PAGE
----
The Stream, April 19: Colorado Lawsuit Seeks Environmental Damages from ExxonMobil, Suncor Energy

The Global Rundown

Two Colorado counties sue ExxonMobil and Suncor Energy, claiming the companies negatively contributed to climate change. Water levels in Nigeria’s Goronyo dam fall to 10 percent of capacity, jeopardizing the water supply of millions. The U.S. Senate blocks a Coast Guard bill that would have exempt ship ballast water from the Clean Water Act. Scientists develop a 10,800 square foot replica of the Mississippi delta coastline to aid in a water-diversion plan. Researchers in Sweden discover a moss capable of removing arsenic from drinking water. Planned hydropower plants in the Balkans could lead to one in 10 European fish species to be near extinction, a study warns.

“It is the largest systematic construction plan with negative environmental impacts that I know of, since world war two.” –Steven Weiss, a professor at the University of Graz, in reference to the ecological impacts of planned hydropower plants in the western Balkans. Bosnia-Herzegovina, Serbia, and Montenegro are in the process of developing their hydropower capacity, but research shows that 49 of Europe’s 531 freshwater fish could face extinction or loss of their Balkan distribution if the countries follow through with their plans. The Guardian

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By The Numbers

2 million Number of people who rely on Nigeria’s Goronyo dam basin, which provides water for  nearby farmers, fishermen, and families. Water levels in the dam have dropped to 10 percent capacity, and authorities have begun rationing household water use. Al Jazeera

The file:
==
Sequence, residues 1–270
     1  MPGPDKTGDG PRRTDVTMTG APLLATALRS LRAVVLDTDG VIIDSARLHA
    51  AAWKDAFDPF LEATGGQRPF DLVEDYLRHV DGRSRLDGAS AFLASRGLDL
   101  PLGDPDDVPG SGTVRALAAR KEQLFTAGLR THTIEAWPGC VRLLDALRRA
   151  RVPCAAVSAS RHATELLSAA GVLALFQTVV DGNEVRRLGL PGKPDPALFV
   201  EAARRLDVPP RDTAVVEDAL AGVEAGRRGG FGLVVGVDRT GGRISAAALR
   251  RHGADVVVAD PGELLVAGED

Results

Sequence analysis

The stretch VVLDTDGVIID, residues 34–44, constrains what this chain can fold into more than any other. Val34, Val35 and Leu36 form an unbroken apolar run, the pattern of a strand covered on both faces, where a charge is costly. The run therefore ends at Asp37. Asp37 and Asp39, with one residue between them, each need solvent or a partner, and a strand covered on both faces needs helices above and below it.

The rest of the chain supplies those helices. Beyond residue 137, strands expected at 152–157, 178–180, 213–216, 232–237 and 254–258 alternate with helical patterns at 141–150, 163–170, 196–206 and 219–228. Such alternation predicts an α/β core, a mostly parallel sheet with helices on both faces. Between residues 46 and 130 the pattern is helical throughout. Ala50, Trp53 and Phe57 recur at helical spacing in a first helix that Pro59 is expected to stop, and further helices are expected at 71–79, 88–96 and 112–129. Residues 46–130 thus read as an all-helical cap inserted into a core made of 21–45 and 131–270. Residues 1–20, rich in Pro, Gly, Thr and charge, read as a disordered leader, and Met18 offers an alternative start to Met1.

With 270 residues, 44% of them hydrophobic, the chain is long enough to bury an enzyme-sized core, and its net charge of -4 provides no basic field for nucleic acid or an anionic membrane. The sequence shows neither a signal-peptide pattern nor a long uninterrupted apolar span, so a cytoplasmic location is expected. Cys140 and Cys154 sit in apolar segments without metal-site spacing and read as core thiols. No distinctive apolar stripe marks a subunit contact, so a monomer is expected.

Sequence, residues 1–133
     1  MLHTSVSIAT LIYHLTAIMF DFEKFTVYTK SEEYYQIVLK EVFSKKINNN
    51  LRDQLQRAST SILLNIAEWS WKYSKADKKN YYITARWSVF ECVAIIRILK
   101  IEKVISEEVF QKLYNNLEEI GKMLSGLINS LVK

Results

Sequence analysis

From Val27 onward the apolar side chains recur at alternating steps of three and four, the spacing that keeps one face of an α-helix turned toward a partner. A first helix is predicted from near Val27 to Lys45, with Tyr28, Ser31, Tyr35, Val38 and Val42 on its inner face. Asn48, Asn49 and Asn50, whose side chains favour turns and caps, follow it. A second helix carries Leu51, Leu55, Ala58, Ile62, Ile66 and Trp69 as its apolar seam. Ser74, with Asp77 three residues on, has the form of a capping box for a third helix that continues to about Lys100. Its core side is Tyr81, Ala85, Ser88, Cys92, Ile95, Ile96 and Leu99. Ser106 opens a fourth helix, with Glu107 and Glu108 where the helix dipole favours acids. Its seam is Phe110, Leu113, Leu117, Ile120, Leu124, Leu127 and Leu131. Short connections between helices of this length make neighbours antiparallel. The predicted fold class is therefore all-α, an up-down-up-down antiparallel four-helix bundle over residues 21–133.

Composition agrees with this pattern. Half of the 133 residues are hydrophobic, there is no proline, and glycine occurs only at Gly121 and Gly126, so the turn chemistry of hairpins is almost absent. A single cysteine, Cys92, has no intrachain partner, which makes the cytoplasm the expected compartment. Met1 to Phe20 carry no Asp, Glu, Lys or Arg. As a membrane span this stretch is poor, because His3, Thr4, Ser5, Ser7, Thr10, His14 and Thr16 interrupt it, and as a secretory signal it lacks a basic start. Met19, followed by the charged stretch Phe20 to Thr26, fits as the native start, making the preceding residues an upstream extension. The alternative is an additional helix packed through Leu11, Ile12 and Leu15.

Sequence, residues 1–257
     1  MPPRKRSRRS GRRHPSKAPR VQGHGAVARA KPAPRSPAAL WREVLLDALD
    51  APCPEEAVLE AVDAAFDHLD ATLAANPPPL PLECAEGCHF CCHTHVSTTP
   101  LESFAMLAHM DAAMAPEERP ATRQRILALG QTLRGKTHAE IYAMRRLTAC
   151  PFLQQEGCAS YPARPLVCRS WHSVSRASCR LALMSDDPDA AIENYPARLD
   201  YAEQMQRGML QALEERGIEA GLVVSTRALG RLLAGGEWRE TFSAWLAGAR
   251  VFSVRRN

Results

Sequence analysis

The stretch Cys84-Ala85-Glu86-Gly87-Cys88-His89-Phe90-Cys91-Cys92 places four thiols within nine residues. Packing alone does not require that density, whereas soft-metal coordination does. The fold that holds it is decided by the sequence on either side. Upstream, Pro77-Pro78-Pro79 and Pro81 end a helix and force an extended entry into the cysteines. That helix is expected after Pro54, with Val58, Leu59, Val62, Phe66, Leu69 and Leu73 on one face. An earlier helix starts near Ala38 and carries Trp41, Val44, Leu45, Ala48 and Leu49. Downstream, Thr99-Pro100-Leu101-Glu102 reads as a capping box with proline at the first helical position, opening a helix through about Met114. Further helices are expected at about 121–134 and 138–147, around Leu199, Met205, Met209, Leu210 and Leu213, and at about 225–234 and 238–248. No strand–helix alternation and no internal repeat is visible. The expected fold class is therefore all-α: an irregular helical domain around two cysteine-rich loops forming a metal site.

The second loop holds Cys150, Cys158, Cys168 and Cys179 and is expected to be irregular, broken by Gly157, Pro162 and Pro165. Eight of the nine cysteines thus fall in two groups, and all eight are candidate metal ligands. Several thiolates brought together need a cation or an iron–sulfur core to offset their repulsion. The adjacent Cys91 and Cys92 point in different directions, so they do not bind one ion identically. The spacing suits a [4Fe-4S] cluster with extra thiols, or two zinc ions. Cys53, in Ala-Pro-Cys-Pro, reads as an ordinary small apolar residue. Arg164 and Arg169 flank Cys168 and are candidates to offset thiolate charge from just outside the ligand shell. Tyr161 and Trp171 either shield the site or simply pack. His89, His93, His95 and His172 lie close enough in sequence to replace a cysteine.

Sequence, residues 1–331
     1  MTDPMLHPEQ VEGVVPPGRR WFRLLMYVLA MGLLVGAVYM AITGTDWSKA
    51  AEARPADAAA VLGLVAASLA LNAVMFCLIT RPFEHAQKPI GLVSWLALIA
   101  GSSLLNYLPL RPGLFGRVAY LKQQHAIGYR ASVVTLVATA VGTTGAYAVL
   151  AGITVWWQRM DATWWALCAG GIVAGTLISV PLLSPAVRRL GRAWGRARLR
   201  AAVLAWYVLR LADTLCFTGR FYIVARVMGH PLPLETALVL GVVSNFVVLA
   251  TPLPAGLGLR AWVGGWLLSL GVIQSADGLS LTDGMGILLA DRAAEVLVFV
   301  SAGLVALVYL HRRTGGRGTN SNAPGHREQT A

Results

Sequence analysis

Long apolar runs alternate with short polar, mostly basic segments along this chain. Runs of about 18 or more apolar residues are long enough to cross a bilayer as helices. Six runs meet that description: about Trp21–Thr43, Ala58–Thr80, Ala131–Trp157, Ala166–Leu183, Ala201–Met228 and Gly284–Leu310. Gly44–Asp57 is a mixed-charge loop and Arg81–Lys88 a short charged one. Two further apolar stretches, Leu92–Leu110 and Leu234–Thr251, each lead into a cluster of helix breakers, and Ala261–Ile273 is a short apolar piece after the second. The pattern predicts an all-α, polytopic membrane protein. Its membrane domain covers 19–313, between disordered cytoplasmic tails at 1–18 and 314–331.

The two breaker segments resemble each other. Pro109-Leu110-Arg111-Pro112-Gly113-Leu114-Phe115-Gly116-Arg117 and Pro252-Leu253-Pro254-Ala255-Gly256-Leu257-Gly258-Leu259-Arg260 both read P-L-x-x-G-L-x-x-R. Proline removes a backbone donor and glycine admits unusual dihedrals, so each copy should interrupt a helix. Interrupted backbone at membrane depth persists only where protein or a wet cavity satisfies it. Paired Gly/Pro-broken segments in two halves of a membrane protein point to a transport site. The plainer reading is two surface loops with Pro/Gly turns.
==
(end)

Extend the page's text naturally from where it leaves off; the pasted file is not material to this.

10,800 square feet Size of a model of the lower Mississippi river delta, which scientists recently unveiled at Louisiana State University. The massive replica will help researchers design a new water-diversion plan intended to fight coastal erosion. The Guardian

Science, Studies, And Reports

Scientists at the University of Stockholm have discovered a moss with the ability to remove arsenic from drinking water. According to researchers, the aquatic moss can purify arsenic-contaminated water in just one hour. Science Daily

On The Radar

The U.S. Senate voted against a Coast Guard bill that environmentalists feared would remove important water protections. Through an updated version of the Vessel Incidental Discharge Act (VIDA), the bill proposed an exemption of ship ballast water from the Clean Water Act. If approved, the exemption could have fueled the spread of invasive species in the Great Lakes and beyond. The Hill

Colorado’s Boulder and San Miguel counties are seeking environmental damages from ExxonMobil and Suncor Energy, alleging that fossil fuel releases by the two companies have led to significant changes in Colorado’s temperature and climate. The plaintiffs claim that the environmental changes harmed their property and impacted the health, safety, and welfare of state residents. In recent years, rising temperatures have also decreased snowpack, which is essential for Colorado’s agriculture and domestic water supply.  U.S. News & World Report  

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